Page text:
In Geekbench 5, for example, the Mac Mini enjoys a substantial lead in multicore performance. Gaming performance in Civilization VI is also significantly better with double the framerate at 1080p — and even more at 4K. We’ve written about the rapidly improving gaming capabilities of macOS already, with my colleague Roland Moore-Colyer coming away impressed with how his MacBook Air M2 handled games.

For Windows PCs, the NUC 12 Pro does pretty well, but Ryzen 6000 machines have already hit the market — and Ryzen 7000 mini PCs have already started appearing. The NUC 12 Pro just doesn’t have a good price-to-performance ratio.

Intel NUC 12 Pro review: Software

The NUC 12 Pro ships with Windows 11 Pro and it’s a pretty standard affair. There’s the typical Windows 11 bloatware, but you can remove most of the Microsoft garbage easily enough with a script. I did that on one of my machines and I don’t regret it.

With 12th Gen power Windows 11 flies on the NUC 12 Pro. But as good as the performance is on the Microsoft side, the Linux side is another story altogether. I tried a few distributions and found each to be a great experience on this mini PC, especially Fedora and Manjaro.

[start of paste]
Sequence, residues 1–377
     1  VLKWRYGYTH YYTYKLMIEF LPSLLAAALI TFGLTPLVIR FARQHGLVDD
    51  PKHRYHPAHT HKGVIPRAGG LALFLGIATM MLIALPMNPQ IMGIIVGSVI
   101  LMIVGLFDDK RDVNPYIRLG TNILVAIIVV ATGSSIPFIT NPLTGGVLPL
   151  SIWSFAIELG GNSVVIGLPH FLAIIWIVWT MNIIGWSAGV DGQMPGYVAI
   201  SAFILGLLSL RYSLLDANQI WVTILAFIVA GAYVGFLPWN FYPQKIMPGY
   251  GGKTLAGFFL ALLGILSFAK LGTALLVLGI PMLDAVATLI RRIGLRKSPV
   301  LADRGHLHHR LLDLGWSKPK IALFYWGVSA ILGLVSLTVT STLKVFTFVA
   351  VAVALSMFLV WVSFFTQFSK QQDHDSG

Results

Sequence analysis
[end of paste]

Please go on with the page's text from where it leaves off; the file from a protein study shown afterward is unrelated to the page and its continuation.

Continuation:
Intel NUC 12 Pro outside on table

(Image credit: Tom's Guide)

Windows or Linux, the NUC 12 Pro has the performance chops to equal a great user experience. This would also make a great little server if you wanted to dabble in homelab stuff. I think turning it into an HTPC would be a waste, especially since it doesn’t have a lot of gaming potential.

Intel NUC 12 Pro review: Verdict

I have trouble finding anything truly wrong with the NUC 12 Pro, other than the value proposition. The NUC 12 Pro isn’t cheap, unlike offerings from competitors like Geekom and Beelink. Even Apple has a better value with the base model Mac Mini (let alone the Mac Mini M2 Pro). 

Despite its excellence as a mini PC, I can’t recommend the NUC 12 Pro in light of its competition. In a vacuum, this would be an easy recommendation, but not when there are so many better options out there for the same, or less, money.

Jordan Palmer
Phones Editor

Jordan is the Phones Editor for Tom's Guide, covering all things phone-related. He's written about phones for over six years and plans to continue for a long while to come. He loves nothing more than relaxing in his home with a book, game, or his latest personal writing project. Jordan likes finding new things to dive into, from books and games to new mechanical keyboard switches and fun keycap sets. Outside of work, you can find him poring over open-source software and his studies.